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David Denton
David's Review Corner, January 2010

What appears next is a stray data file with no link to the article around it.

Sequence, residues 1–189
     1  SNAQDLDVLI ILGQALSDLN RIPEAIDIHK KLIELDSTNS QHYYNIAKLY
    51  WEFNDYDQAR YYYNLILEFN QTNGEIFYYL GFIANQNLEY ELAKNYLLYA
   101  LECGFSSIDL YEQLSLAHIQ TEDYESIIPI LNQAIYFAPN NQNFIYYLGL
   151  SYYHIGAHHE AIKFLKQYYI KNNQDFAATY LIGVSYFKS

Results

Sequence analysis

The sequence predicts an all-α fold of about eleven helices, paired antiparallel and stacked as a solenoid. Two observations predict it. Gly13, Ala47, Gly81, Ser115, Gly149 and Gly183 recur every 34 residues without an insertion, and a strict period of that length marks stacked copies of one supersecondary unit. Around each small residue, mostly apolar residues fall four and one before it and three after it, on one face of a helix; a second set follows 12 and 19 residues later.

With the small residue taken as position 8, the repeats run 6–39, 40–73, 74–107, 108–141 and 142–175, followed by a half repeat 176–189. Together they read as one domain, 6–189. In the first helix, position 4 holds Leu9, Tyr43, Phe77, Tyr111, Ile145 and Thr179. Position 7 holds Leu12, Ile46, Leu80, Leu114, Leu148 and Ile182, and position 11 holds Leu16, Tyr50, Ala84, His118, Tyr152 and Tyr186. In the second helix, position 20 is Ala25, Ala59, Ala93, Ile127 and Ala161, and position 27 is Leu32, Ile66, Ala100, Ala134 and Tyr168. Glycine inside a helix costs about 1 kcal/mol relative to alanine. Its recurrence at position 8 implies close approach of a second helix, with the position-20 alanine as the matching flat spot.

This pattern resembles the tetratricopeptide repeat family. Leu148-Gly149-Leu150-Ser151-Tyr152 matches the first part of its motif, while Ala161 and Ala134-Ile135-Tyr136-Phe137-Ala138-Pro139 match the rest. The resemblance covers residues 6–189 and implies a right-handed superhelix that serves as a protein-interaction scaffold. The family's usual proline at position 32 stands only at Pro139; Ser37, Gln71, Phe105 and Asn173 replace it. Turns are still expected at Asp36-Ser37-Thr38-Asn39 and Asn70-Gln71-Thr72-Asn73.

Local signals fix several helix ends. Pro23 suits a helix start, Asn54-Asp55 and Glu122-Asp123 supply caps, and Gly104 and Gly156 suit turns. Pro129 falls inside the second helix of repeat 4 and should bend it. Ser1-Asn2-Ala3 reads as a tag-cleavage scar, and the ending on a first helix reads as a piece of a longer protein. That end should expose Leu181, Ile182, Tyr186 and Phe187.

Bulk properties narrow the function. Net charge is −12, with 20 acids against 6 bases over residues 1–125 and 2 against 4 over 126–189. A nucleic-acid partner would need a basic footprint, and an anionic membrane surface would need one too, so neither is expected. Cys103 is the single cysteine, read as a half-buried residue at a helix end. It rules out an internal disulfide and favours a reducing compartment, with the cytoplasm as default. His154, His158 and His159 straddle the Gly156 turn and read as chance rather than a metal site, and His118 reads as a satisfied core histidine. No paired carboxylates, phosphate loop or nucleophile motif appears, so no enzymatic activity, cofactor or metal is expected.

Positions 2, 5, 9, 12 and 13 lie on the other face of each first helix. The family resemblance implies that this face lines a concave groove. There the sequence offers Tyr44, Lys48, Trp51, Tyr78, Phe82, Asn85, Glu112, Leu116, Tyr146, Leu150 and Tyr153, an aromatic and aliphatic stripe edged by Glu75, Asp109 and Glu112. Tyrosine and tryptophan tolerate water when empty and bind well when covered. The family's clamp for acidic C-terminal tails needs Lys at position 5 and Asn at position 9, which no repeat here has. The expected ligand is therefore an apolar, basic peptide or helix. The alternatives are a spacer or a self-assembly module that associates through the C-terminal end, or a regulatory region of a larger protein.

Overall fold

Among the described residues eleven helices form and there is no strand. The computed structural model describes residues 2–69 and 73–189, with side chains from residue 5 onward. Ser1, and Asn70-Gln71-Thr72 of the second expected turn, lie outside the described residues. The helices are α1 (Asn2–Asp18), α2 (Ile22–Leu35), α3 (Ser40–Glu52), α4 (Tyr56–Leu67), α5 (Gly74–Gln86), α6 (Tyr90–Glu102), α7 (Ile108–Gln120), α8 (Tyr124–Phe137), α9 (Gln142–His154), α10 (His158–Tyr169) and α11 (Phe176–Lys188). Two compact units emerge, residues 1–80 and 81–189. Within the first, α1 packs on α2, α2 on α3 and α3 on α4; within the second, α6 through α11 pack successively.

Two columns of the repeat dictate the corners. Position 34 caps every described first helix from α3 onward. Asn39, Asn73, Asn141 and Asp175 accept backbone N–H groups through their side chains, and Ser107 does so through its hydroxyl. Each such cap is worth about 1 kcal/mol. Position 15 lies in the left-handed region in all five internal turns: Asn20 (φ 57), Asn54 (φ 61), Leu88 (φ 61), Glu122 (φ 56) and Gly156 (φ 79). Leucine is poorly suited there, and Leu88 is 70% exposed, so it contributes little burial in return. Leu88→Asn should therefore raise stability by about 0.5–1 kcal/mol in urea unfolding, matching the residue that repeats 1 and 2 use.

Though recorded fifty-seven years ago, Lisa della Casa’s recording of the Four Last Songs is still widely considered as the benchmark by which all others will be judged. Born in Switzerland in 1919, she had the good fortune to pursue her young career through the war years in the safe haven of the Zurich Opera House. There she took a wide range of roles, but in the late 1940’s became particularly linked with Richard Strauss’s operas which she sang extensively on both sides of the Atlantic. She had that rather laid-back creamy voice that was much in vogue in Strauss operas at the time, and was particularly suited to the leading roles of Capriccio and Arabella. It was a vocal sound of considerable beauty that brings a peaceful inevitability to death in The Four Last Songs. There is no added sadness, just serenity, phrases shaped with affection and a naturalness that is reflected in the accompaniment from the Vienna Philharmonic under Karl Bohm. That original release was completed with two tantalising excerpts from the third and fourth acts of Arabella with Rudolf Moralt conducting. Interesting, but I fervently hope that Naxos will release her complete Arabella with Solti conducting as it will never be surpassed. In both she is partnered by the equally gorgeous voice of Hilda Gueden. Sadly she never recorded the complete Capriccio but we have here the closing scene where the Countess is left facing the dilemma as to whether words or music are the most important thing to her. It is a loving portrait, though in this 1954 recording the Vienna Philharmonic were sounding below their best for conductor Heinrich Hollreiser. That Della Casa could be a dramatic soprano comes in Ariadne’s aria, Es gibt ein Reich from Ariadne auf Naxos. Both original LPs were admirable for their time and the restoration engineer has done an unadorned transfer.

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